As added reinforcement, few things in the game just exist only for the sake of the player or gameplay. Take the lore for example: you don’t just fall into it, you choose to seek it out. Either you’re choosing to listen to what the Transistor has to say, choosing to look more closely at a part of the city, choosing to access terminals to find out what’s going on, or using an Access Point to choose to how to use the Transistor’s functions in order to decrypt more information about a given character (because functions are derived from absorbing former citizens of Cloudbank into the Transistor). It’s all standard video game fare, but the difference is that it’s all there for Red just as much as it is for the player.
The city of Cloudbank appears to be at very least a semi-digital construct. As such, all of the game elements that would normally not make sense in the game world (like say an upgrade menu), are instead just another part of it. Which meant they were all things Red could actually encounter, and would make use of. Of course Red would use the terminals to keep up with the news! Of course she would learn how to use the Transistor! Of course she would wan’t to learn more about her friends, enemies, and notable Cloudbank citizens! Of course she’d stop and reminisce for a second as she caught her breath after a fight! Everything about the game is presented in a way that keeps its main character involved, almost never appealing directly to the player. It keeps us playing from Red’s perspective, rather than ejecting us from each time a menu is entered. In short, the usually necessary separation between player and character isn’t present here; there’s almost nothing standing in the way!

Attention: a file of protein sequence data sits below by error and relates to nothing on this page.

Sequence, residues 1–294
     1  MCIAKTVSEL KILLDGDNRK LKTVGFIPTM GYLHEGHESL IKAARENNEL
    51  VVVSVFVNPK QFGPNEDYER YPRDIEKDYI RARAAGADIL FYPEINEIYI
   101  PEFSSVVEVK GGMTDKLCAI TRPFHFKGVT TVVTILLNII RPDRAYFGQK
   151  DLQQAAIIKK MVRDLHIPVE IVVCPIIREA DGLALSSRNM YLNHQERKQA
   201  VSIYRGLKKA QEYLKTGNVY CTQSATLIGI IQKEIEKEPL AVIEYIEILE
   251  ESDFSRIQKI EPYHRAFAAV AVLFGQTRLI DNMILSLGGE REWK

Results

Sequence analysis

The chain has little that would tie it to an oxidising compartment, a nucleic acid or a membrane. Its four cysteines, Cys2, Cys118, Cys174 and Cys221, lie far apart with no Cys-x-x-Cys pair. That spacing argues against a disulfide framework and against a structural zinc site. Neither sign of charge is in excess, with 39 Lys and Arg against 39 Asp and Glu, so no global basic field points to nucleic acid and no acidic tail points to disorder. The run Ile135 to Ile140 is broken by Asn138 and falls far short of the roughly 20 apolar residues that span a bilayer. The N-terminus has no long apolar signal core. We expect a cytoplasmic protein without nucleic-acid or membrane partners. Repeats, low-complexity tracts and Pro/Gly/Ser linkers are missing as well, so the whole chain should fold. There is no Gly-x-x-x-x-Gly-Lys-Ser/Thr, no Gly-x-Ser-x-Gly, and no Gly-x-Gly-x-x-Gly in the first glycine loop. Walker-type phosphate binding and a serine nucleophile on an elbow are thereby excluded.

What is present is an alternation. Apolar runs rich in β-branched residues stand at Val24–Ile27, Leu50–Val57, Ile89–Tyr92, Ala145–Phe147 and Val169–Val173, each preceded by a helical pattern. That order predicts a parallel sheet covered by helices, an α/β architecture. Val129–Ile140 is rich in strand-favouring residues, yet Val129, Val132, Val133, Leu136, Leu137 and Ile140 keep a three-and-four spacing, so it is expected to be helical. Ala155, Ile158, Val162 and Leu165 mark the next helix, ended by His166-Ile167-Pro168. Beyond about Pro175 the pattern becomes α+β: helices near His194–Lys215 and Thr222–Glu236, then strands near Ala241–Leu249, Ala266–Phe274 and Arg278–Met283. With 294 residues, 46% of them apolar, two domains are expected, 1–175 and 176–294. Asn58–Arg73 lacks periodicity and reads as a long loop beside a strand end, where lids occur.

I didn’t think it was really possible to really play as a defined character. They’re either avatars for me to define with my own personality, blank slates meant only to give me a means to interact with the game world, or a rigidly defined character whom I’m ultimately observing; I may control them but those actions are always discarded by the time the next cutscene rolls around. Transistor was different. It actually put me in Red’s shoes, and did everything it could to keep me there. It allowed me to discover the character gradually through observation delivered by action. I wasn’t directing Red, but neither was I simply along for the ride. The result is a character whom I’ve never heard speak, but I whom I know better than almost any other because I’ve essentially walked a mile in their shoes! It’s a dynamic I’ve never seen before, and hope to see again soon.
Bravo Supergiant Games! Bra-vo! I enjoyed Bastion, but with this added to it you’ve earned yourself a real fan! (Sorry I just needed to say that! 😀 )
This was of course just how my experience with Transistor felt, and I’m sure yours felt at least a little different, so:
What was your experience with Transistor like?
How do you usually find yourself relating to the characters in the games you play?